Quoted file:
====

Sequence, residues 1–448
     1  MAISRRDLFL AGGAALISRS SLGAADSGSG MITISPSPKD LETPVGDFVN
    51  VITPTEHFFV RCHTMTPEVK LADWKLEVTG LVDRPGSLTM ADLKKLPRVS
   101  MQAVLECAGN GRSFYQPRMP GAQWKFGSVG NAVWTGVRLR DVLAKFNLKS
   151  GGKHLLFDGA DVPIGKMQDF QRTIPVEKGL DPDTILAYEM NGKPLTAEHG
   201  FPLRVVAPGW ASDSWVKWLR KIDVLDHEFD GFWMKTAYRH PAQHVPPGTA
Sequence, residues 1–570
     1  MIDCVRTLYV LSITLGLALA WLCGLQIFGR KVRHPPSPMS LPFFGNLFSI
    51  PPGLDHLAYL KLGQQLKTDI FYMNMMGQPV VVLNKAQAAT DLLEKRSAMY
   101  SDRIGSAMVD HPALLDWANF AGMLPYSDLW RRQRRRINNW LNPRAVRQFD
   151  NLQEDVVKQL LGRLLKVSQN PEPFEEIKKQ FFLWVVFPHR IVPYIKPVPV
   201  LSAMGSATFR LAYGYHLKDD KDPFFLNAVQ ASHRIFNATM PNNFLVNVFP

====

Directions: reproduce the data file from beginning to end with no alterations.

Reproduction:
Sequence, residues 1–448
     1  MAISRRDLFL AGGAALISRS SLGAADSGSG MITISPSPKD LETPVGDFVN
    51  VITPTEHFFV RCHTMTPEVK LADWKLEVTG LVDRPGSLTM ADLKKLPRVS
   101  MQAVLECAGN GRSFYQPRMP GAQWKFGSVG NAVWTGVRLR DVLAKFNLKS
   151  GGKHLLFDGA DVPIGKMQDF QRTIPVEKGL DPDTILAYEM NGKPLTAEHG
   201  FPLRVVAPGW ASDSWVKWLR KIDVLDHEFD GFWMKTAYRH PAQHVPPGTA
Sequence, residues 1–570
     1  MIDCVRTLYV LSITLGLALA WLCGLQIFGR KVRHPPSPMS LPFFGNLFSI
    51  PPGLDHLAYL KLGQQLKTDI FYMNMMGQPV VVLNKAQAAT DLLEKRSAMY
   101  SDRIGSAMVD HPALLDWANF AGMLPYSDLW RRQRRRINNW LNPRAVRQFD
   151  NLQEDVVKQL LGRLLKVSQN PEPFEEIKKQ FFLWVVFPHR IVPYIKPVPV
   201  LSAMGSATFR LAYGYHLKDD KDPFFLNAVQ ASHRIFNATM PNNFLVNVFP